RENO, Nev. (KRNV & MyNews4.com) -- Some downtown Reno high rise residents recently learned a painful lesson: they've been forced to move out of their homes temporarily for a multimillion dollar repair job, and they're getting stuck with the bill. Perhaps their biggest frustration is not having a say in any of this.
On the outside, the high rise condominium at 1200 Riverside Drive looks to be in good shape, but serious plumbing problems have forced the Homeowners Association to gut the 40 year old building and install new pipes on the inside at a cost of $3 million.
"We've had a lot of pipe failures out there. They're becoming more and more significant," says HOA Attorney Adam Clark.
The repair project is not going over well with the longtime residents like Roger Reid. He's being forced to move out for nearly three weeks while the work is done. He and other residents will also have to share the bill. For Reid, that means coughing up $32,000 to pay his share of the repairs.
"I was shocked," Reid says. Reid's neighbor had a similar reaction, "Of course I was shocked," says property owner Angie Phillips. "I'm not going to be able to afford that."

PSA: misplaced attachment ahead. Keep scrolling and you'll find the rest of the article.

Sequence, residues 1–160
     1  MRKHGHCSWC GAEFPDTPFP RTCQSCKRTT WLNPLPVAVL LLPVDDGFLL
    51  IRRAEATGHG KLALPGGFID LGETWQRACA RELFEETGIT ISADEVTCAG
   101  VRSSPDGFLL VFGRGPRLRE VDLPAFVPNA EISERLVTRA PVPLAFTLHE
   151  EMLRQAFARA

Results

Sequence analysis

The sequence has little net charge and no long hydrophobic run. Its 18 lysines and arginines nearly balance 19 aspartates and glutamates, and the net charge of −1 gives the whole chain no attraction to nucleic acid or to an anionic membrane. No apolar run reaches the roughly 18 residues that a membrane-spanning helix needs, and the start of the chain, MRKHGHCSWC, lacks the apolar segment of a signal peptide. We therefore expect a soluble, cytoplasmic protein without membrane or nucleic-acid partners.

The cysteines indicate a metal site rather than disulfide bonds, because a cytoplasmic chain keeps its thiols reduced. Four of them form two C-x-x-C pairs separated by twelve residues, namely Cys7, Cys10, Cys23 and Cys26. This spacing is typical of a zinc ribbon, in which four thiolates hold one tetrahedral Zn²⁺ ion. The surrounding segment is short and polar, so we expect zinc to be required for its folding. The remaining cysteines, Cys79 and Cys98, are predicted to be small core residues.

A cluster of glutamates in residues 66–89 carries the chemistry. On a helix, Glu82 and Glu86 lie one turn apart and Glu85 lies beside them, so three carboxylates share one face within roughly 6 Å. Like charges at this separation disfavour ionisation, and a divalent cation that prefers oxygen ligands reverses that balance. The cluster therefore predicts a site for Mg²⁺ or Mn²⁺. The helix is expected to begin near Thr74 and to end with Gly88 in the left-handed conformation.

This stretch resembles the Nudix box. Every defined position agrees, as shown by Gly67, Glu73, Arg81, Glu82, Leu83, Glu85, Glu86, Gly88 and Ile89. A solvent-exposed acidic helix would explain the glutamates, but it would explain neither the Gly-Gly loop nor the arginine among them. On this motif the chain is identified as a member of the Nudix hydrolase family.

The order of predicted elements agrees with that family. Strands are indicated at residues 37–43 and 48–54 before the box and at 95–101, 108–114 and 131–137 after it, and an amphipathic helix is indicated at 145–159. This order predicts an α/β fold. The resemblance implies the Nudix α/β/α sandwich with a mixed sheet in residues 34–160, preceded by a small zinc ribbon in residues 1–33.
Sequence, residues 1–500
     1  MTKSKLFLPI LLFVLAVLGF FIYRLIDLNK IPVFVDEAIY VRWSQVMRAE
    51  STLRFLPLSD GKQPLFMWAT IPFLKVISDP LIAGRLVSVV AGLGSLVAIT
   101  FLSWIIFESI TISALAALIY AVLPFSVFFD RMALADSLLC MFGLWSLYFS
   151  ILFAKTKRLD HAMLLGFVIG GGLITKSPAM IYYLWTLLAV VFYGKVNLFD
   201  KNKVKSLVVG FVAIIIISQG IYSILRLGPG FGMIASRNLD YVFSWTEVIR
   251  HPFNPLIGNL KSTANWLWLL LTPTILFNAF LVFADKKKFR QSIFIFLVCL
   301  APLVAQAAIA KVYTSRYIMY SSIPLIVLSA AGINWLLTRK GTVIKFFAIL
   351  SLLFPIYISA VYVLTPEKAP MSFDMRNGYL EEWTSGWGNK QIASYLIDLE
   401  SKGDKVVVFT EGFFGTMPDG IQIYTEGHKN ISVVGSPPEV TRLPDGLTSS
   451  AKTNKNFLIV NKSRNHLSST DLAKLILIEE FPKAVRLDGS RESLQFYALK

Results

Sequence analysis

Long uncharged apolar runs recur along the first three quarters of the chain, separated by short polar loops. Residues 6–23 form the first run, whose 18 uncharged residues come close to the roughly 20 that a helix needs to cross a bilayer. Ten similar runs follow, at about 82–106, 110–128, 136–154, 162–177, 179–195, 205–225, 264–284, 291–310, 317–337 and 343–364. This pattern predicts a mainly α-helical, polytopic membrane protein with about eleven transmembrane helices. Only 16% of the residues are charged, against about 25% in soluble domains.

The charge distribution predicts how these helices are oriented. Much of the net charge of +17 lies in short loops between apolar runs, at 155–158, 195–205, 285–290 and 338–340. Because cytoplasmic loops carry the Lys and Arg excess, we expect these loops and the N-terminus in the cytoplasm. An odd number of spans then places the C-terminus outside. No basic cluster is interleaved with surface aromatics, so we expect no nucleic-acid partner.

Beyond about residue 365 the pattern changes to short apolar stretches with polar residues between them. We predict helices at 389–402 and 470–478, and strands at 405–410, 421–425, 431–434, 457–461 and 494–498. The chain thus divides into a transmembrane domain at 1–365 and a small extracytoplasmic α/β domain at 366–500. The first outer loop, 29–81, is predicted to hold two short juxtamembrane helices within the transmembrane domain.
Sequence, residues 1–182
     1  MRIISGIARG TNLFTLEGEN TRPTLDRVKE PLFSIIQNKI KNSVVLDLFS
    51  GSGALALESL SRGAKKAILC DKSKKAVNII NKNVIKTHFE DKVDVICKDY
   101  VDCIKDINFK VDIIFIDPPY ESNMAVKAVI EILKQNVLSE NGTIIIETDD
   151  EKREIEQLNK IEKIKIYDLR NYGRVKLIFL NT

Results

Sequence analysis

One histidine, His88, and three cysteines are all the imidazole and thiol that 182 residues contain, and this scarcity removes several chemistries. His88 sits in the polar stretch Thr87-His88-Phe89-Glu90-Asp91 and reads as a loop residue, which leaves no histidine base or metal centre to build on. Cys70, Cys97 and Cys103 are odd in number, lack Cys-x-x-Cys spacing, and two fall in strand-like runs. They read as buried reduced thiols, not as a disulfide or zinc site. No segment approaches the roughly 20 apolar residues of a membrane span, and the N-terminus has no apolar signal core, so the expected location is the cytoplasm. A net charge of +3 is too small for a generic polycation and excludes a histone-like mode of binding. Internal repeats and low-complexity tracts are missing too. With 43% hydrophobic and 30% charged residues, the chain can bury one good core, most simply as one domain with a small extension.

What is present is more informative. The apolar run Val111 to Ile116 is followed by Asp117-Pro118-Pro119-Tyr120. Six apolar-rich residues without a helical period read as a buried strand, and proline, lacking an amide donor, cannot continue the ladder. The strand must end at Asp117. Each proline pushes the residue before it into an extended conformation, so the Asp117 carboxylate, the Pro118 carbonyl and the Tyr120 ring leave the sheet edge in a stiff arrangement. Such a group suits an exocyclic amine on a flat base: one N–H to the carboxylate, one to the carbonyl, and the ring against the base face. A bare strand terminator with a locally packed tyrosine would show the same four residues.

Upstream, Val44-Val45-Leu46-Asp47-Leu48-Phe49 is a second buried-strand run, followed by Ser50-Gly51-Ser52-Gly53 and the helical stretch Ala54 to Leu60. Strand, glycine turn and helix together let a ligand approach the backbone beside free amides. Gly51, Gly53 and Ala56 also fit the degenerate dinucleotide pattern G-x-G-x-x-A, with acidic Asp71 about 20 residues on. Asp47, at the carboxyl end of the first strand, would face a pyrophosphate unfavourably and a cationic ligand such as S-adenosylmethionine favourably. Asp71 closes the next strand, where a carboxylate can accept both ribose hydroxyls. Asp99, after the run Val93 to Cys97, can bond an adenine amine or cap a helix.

Residents like Reid and Phillips say they're upset that they had no say in this project, but according to state law, property owners are only entitled to a vote on capital improvements, not repairs. The HOA considers this $3 million project a repair job because they're replacing existing equipment.
Clark says anyone moving into a building like this should plan for repairs and inquire about them before signing on the dotted line. As buildings age, projects like this become inevitable, and it's good to keep in mind they can be pricey and rarely convenient.
"It's a good time to take a vacation if someone's planning one," Clark says.
The HOA Board says it has been as transparent as possible during this while process, even holding public meetings for the property owners to attend. The bottom line: it is the board's decision, and property owners are at the mercy of the Homeowners Association. One option is to join the board, but that might be the only way to guarantee you have a voice.